With the amount of time that children spend in school, it’s crucial that the buildings in which they’re learning promote wellness and sense of community, in addition to prescribed curricula. From classroom layout to integration of educational tools in campus architecture to external outreach, here are five ways architects can improve schools to allow growth beyond the schoolhouse walls.

  1. Embed learning opportunities in sustainable architecture. When founders of Mundo Verde, a bilingual public charter school in Washington, DC, were handed a 1920s-era school building as their site, they might not have suspected that the school grounds themselves would provide educational experience. But the school’s goals of fostering future environmental stewards was reinforced by its architecture: Local practice Studio Twenty Seven Architecture renovated the nearly century-old facility for use with grades 1-5, updating it to LEED Gold standards, and added a pre-K and kindergarten annex designed to achieve LEED Platinum certification.
  2. Foster interaction. Shared learning spaces paired with classrooms reduce monotony by providing a variety of educational settings at the Northwood Elementary School in Mercer Island, Washington, designed by Mahlum Architects. Brainstorming over lunch happens in a new discovery lab, which allows dining within a library-slash-makerspace and promotes impromptu creativity.
  3. Create unexpected adjacencies. Incorporating physical education into children’s routines will set them up for a lifetime of healthy practice. And it’s equally important to stimulate the brain through artistic expression to develop a sound mind within a sound body. That’s the combination of purpose found in the Winsor School’s Lubin O’Donnell Center for Performing Arts and Wellness designed by Boston-based William Rawn Associates. The mixed-use facility maximizes program—including a 515-seat theater, squash and basketball courts, and flexible spaces that can accommodate dance practices, music rehearsals, or wellness exercises—on a constrained urban site that maintains clarity despite its blend of uses.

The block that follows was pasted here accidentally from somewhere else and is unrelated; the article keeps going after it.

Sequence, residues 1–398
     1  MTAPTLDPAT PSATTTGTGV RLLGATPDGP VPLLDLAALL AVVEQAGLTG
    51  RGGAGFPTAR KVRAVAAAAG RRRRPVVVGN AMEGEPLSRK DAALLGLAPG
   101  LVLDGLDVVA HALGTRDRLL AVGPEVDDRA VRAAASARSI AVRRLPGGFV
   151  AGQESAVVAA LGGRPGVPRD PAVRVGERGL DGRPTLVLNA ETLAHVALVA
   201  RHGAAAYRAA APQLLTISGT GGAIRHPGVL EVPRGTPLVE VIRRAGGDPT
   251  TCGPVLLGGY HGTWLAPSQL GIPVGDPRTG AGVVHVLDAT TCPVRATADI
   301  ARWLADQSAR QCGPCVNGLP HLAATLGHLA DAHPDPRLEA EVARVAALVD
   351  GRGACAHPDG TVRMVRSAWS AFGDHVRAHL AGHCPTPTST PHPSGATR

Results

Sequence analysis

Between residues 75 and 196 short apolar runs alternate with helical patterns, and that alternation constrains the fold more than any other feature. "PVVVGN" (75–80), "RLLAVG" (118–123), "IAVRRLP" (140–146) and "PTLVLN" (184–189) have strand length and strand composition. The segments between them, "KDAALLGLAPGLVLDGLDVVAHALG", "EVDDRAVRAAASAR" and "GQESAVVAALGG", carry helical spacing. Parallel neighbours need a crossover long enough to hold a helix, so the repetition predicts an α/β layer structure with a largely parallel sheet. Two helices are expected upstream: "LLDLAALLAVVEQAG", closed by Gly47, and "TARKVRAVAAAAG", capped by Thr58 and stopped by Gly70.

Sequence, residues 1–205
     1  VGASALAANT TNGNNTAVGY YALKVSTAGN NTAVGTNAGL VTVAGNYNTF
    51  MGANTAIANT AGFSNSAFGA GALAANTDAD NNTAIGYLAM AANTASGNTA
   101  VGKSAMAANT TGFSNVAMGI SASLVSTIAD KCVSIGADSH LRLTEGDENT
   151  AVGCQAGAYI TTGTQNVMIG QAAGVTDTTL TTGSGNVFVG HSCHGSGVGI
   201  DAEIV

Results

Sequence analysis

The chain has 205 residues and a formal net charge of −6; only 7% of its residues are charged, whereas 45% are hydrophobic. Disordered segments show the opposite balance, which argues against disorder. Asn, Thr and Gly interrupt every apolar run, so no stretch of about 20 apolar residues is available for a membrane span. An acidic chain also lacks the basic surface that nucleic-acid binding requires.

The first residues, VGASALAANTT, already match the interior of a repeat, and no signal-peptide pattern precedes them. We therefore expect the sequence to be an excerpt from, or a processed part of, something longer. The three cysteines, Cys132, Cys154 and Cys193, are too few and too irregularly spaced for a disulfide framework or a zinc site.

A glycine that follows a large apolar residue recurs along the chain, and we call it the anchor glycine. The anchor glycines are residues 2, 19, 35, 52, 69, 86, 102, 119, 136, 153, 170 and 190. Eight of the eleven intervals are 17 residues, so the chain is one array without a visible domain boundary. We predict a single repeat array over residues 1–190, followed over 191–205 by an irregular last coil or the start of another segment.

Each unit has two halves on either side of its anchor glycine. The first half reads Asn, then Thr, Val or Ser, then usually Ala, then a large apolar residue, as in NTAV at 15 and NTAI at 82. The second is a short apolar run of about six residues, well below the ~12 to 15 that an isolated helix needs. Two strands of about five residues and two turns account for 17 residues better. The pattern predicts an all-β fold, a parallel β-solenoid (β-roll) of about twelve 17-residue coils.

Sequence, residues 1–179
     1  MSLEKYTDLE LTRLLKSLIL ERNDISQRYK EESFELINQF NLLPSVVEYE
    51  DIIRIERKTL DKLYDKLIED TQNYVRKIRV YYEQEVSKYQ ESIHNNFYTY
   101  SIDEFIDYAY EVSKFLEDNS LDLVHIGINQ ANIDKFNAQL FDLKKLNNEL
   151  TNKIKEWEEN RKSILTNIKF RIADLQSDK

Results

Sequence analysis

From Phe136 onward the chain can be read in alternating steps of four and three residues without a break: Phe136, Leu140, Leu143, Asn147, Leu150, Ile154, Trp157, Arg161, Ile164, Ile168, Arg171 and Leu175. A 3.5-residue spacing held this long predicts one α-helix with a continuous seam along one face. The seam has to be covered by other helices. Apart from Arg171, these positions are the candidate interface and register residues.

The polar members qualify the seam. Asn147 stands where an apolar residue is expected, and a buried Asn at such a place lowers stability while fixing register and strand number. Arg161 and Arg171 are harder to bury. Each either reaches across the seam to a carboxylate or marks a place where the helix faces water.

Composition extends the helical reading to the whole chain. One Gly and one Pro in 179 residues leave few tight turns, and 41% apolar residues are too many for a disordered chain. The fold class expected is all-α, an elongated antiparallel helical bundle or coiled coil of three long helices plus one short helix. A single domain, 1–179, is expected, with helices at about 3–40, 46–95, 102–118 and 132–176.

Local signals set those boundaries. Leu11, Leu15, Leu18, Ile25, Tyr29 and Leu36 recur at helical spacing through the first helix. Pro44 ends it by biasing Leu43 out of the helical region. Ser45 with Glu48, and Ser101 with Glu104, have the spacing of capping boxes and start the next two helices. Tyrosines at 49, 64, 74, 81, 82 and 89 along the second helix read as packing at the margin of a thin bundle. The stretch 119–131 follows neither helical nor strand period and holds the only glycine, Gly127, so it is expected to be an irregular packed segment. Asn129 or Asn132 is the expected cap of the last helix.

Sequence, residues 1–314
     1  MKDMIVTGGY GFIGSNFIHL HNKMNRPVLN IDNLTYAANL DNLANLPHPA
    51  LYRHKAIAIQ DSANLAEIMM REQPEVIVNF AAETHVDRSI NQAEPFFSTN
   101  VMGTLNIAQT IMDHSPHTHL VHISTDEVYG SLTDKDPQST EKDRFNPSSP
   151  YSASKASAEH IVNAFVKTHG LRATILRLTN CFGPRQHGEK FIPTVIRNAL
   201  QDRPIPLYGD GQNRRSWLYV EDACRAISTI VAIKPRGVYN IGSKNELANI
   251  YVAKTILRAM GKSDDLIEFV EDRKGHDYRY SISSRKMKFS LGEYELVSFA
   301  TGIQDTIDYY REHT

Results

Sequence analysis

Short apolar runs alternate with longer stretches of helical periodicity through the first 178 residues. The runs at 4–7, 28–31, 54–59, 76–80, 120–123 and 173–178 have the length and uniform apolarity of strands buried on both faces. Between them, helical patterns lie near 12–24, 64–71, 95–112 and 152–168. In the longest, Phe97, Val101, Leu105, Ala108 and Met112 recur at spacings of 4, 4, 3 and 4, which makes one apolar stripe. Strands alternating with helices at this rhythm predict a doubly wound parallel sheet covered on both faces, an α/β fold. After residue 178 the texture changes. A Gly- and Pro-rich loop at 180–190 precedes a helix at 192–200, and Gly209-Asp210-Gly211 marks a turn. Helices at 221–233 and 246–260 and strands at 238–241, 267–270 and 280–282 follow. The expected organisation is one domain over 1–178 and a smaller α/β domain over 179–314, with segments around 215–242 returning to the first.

4. Use landscape as an educational tool. At the Dwight-Englewood School Hajjar STEM Center in New Jersey, classrooms aren’t just indoors. A microclimate garden, located just outside the AP Biology lab, and a bioswale area are two of the landscape features promoting outdoor learning that Gensler included in its design.
  5. Engage your community. The social fabric of East Baltimore continues onto the campus of the Henderson-Hopkins School, which relates to its urban setting with a grid of learning facilities scaled to resemble area rowhouses. Designed by Rogers Partners, the campus also includes early childcare facilities and a family health center to help address the needs of the local community.

About the author: Deane Madsen, Assoc. AIA, is a writer and architectural photographer based in Washington, DC. He is the founder of Brutalist DC and the former associate editor of design for Architect Magazine.

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